PageSpeed: Will your website pass Google’s next algorithm update?
Just what is the Core Web Vitals assessment and how is your website going to be impacted in coming months?
6th October, 2020
The average human attention span is eight seconds (you’re still with me, though, because you’re here to learn how to optimise your infographic like a pro).
With the internet providing us immediate rewards and results every time we seek out knowledge, the human race is getting lazier and more impatient.
90% of information is transmitted to the brain visually, so infographics seem to be the way forward for easily digestible information. There’s only one problem. Google doesn’t see the same way as you.
Google doesn’t have eyes, at least, we don’t think so… So we need to make sure we translate our infographics to help The Almighty understand what we’re trying to promote. Let’s get started.
So you’ve pulled together an awesome infographic and it’s going to wow your target audience and make everyone fall in love with your brand.
But before you release your infographic into the big bad world you need to be standing on strong SEO foundations that will bring your desired audience to your website.
Create a landing page to house your infographic. You want to spend time optimising this page because this is your opportunity to make sure Google ‘sees’ the data you’re presenting. Follow this checklist:
Now you’ve got a beautiful new landing page. You can read and understand it, and so can Google. It’s time to face the music.
Firstly, you need to consider how your design will be displayed when marketing on social media. If your infographic is longer or larger than the usual image dimensions for social, as it probably is, then it’s likely you’ll end up with your design cropped or too small to read in a social media feed.
To make sure your infographic has the biggest impact at a glance, enticing people to click on your post, you’ll want to make some infographic thumbnails, specifically for the social platforms you decide to use.
This guide to image dimensions for social media will help you find the correct sizes.
You’ll want to use these thumbnails as open graph card tags on your landing page too, so that when people choose to share your design via your social sharing buttons you can be sure the appropriate thumbnail link preview is used.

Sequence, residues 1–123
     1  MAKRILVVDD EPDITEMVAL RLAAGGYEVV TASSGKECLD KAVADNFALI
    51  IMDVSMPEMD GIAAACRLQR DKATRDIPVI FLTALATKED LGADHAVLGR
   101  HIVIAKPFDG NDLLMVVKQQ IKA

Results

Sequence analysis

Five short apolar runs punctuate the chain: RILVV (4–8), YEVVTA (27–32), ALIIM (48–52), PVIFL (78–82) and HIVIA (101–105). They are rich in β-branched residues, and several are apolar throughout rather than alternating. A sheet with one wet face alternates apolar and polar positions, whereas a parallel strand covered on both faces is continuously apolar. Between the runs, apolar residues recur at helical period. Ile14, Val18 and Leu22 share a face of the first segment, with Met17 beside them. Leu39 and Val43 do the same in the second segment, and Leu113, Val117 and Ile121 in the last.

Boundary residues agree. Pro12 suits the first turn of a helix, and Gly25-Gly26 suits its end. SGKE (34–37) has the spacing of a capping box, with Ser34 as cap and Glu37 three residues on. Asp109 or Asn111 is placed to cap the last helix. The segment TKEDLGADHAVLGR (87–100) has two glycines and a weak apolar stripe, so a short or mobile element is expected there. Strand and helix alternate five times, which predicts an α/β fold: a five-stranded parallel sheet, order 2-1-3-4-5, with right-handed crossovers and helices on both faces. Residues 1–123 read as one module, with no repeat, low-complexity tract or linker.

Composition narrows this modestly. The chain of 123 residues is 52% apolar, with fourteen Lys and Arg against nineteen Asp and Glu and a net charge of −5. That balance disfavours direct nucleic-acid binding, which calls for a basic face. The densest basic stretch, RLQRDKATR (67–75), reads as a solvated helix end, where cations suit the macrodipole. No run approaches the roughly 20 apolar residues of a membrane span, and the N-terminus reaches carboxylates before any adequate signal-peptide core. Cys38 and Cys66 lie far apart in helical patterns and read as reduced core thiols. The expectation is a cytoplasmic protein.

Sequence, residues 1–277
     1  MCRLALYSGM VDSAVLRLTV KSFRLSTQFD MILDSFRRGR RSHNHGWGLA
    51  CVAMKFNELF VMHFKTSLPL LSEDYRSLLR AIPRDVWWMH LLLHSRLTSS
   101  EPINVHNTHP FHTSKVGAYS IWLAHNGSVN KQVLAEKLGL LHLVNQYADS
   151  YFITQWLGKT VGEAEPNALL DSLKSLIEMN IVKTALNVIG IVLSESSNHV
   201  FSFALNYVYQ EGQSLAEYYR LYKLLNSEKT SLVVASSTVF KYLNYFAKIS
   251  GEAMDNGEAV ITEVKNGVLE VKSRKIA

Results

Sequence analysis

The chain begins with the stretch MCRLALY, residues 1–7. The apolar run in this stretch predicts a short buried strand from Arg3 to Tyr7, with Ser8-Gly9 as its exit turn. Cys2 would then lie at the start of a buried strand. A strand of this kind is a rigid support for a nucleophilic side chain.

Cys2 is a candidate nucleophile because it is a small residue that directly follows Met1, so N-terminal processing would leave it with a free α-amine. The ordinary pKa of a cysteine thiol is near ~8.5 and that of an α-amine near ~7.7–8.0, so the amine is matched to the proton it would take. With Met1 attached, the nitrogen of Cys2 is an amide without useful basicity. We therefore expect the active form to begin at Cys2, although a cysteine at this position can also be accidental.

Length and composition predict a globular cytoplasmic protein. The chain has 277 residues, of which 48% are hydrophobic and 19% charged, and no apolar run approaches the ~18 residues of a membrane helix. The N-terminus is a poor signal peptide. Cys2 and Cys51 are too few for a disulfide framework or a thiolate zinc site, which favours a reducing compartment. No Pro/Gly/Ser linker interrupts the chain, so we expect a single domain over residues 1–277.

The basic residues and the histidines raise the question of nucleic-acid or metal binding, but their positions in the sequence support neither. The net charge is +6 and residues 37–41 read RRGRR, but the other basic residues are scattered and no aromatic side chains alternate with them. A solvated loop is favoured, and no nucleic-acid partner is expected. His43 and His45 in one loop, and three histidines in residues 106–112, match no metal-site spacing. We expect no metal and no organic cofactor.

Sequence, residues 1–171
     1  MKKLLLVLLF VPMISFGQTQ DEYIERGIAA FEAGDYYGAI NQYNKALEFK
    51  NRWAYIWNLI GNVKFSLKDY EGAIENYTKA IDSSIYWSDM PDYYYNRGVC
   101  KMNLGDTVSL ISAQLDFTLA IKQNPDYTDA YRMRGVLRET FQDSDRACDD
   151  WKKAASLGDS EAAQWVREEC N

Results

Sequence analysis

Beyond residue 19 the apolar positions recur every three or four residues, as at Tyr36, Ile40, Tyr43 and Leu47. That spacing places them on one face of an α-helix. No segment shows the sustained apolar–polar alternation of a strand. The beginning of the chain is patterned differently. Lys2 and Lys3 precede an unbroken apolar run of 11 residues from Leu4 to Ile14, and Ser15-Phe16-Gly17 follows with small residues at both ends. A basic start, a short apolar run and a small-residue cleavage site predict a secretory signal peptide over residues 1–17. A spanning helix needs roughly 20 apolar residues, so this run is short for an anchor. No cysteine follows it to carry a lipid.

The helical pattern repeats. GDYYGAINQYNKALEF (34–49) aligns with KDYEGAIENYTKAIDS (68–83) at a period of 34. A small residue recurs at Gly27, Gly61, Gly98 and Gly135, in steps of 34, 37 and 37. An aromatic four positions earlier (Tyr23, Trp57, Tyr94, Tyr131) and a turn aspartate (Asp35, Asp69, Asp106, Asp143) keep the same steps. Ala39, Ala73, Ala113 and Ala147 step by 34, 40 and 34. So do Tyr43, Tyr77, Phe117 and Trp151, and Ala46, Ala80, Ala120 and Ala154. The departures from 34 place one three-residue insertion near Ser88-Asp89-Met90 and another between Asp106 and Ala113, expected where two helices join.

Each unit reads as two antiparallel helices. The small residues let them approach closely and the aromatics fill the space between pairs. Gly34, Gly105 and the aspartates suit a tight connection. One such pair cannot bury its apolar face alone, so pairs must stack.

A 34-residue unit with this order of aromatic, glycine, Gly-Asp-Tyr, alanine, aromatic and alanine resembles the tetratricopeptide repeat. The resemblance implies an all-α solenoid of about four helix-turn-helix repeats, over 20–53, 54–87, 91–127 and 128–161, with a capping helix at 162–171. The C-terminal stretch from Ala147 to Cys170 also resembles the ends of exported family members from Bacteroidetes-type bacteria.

If you are using Facebook ads to promote your infographic consider how much text is in your thumbnails. You want them to grab someone’s attention as they scroll through their news feed and they’re not going to engage with an paragraph of tiny text encased in an image. Prioritise your most attention grabbing text and imagery.
Using social media is one way to get your infographic into the public eye quickly. But don’t forget that you also have a resource of contacts primed for further exposure. Sending your infographic out as an email campaign to your customer database will mean your brand new marketing collateral, and link to your new page, lands straight into their inboxes.
Writing a new blog dedicated to your infographic and the data presented within, as well as adding your thumbnail designs to your homepage will help with building impactful internal links too.
Having covered all home bases, it’s time to start reaching out into the digital abyss to find some like-minded folks who want to shout about your infographic as much as you do.
Influencers are some of the most trusted advocates in the digital world, and we’re not just talking about Love Island alumni, there are influencers for every industry. Getting into the pocket of influencers in your industry circles means opening up your business to a treasure trove of loyal followers.
Research influencers relevant to your business or to your infographic topic, and reach out to them. You might have to pay for this type of promotion, but it can really be worth it!
Infographic directories offer an easy and quick way to get some good quality backlinks to your infographic landing page. Some of these websites request a fee which can range from £10 up to £100 or more depending on the domain authority of the website. But there are also lots of websites that accept free submissions.
Be prepared to write out an entirely unique description of about 200 words about your infographic each time you make a submission as this is something that most directories ask for.
As with any link building project, approaching journalists and media websites with your infographic will help you to land some backlinks, increase brand awareness and traffic to your website.
Conduct some research and compile a list of news and media websites to which you think your infographic would be valuable and begin approaching them with your winning design.
As with any marketing campaign, it is important to monitor the results of your work. Keep an eye on your landing page in Google Analytics to see which channels of promotion have been the most successful and the types of traffic you are receiving. This will help you to understand which parts of your campaign were successful and what needs to be changed next time.
Monitor metrics on social media to see how people are interacting with your infographic and make sure you are engaging with your audiences.
It’s possible your infographic has travelled further than you think! Use the reverse Google image search function to search for places your design has been uploaded across the web. If there are any websites that haven’t referenced your company, you’re well within your rights to request a backlink.
So there you have it! Optimising and promoting an infographic is straightforward and easy, and you can even expect some immediate results from your work.
Don’t forget, if you’re feeling lazy, busy, or need even more help we can just do it for you after all!
4th January, 2021